(Financial World)

“Perhaps the most important single lesson of the crisis is that beyond some point the growth in debt adds to the fragility of the economy more than it adds to either personal welfare or aggregate demand. Atif Mian and Amir Sufi argue this persuasively in House of Debt.”
(Martin Wolf Financial Times)

“A perceptive book, House of Debt, by Atif Mian and Amir Sufi, makes a strong case that the excessive level of borrowing by middle-class and even poor Americans was a fundamental cause of deep recession. Once unemployment started o rise, Americans had less buying power because they were strangled by mortgage and other debt.”
(New York Review of Books)

“It is all too easy to get wrapped up in the glamour and squalor of financial maneuvers. One forgets that the financial system is useful only to the extent that it makes the everyday economy of production, employment, consumption and capital formation work better, and avoids doing harm. Mian and Sufi do not make this mistake. Their principles and their very ingenious research keep the focus where it belongs. They tell a powerful story about excessive debt that any reader can understand, they nail it down with careful use of data, and they have serious ideas about how to make the system better and safer. It is a splendid book.”
(Robert M. Solow)

“In this readable book, Mian and Sufi pose questions pertaining to the 2008 financial crisis and subsequent great recession: Why did the housing bubble vary in severity?  Why did unemployment increase where housing prices were stable?  Can a reoccurrence of this financial crisis be prevented? . . . . Recommended.”

“Many books have been written trying to explain the housing crash and the subsequent mortgage meltdown. This book, however, adds clarity to a murky topic. It offers new insight into housing debt, consumer spending, and how mortgage debt—if abused—can lead to disastrous results. Moreover, their proposal to shift mortgage risk to lenders is an interesting concept.”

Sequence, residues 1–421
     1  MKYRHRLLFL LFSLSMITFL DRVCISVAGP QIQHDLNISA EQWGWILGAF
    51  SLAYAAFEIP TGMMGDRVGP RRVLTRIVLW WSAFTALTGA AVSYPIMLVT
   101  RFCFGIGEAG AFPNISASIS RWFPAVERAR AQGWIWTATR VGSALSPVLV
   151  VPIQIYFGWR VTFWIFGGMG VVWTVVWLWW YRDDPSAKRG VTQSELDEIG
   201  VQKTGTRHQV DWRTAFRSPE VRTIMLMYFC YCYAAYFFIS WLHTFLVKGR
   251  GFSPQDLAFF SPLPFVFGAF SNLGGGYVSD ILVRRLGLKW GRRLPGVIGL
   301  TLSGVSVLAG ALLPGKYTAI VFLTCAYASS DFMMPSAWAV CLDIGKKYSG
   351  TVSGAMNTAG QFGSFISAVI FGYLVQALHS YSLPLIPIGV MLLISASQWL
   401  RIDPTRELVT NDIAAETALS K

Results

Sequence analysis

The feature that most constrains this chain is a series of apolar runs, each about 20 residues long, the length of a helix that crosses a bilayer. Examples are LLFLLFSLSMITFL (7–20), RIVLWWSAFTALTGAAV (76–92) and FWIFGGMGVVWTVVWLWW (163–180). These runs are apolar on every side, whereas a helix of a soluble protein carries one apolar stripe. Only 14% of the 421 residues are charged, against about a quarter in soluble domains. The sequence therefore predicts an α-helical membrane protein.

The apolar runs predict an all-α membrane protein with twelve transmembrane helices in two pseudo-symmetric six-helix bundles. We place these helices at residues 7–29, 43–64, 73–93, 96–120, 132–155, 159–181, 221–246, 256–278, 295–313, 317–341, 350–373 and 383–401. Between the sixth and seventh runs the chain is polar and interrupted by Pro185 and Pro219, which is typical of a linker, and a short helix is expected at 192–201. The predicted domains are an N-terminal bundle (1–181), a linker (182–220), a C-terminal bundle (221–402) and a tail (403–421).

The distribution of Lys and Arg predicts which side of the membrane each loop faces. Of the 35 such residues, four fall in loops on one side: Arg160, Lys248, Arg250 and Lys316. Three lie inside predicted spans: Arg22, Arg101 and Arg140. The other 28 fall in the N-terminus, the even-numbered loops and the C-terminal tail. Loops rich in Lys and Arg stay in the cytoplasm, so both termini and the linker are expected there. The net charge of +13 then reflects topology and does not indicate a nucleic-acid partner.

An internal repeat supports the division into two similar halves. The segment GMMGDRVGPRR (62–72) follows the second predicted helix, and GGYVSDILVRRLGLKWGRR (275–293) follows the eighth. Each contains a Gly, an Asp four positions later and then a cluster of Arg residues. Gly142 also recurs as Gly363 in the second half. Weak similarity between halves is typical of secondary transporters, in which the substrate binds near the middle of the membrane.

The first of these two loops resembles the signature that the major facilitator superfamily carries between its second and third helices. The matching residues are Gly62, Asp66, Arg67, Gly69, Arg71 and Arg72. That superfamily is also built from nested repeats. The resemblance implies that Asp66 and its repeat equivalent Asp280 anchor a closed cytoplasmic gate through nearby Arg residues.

(Housing News Report)

“Mian and Sufi argue that ‘economic disasters are almost always preceded by a large increase in household debt.’ It is debatable whether this is a universal truth. But it is certainly true of the financial crisis of 2007-08. The authors argue, persuasively, for a shift from traditional debt towards contracts that share losses between the suppliers and users of finance.”
(Financial Times)

About the Author

Atif Mian is the Theodore A. Wells '29 Professor of Economics at Princeton University and director of the Julis-Rabinowitz Center for Public Policy and Finance. Amir Sufi is the Chicago Board of Trade Professor of Finance at the University of Chicago Booth School of Business.

Product Details

  • Hardcover: 192 pages
  • Publisher: University Of Chicago Press (May 21, 2014)
  • Language: English
  • ISBN-10: 022608194X
  • ISBN-13: 978-0226081946
  • Product Dimensions: 6 x 1 x 9 inches
  • Shipping Weight: 9.9 ounces (View shipping rates and policies)
  • Average Customer Review: 4.2 out of 5 stars  See all reviews (90 customer reviews)
  • Amazon Best Sellers Rank: #407,865 in Books (See Top 100 in Books)

Customer Reviews

Top Customer Reviews

Format: Hardcover
In this very short and extremely readable book two young professors prove with mathematical rigor (and in plain English) that the recent "Great Recession" was caused by the overindebtedness of America's poorest homeowners. It is truly incredible how much economics they pack into this 187 page book and how much of it you can absorb without stretching yourself. Brief summary of the argument:

1. Always quoting relevant research, but never attempting to talk over your head, they start by explaining how the poorest 20% of homeowners on average lost their entire net worth in the crisis, all while the richest 20% came out unscathed. How come? Simple: 1. The top 20% mainly hold financial assets that were protected by the Fed 2. The top 20% are indirectly the guys holding on to the mortgages that the poorest 20% are still paying or alternatively the US government guaranteed by taking over the obligations of Fannie and Freddie. All the recent talk about inequality? Go no further. The authors have it covered by page 40. Next!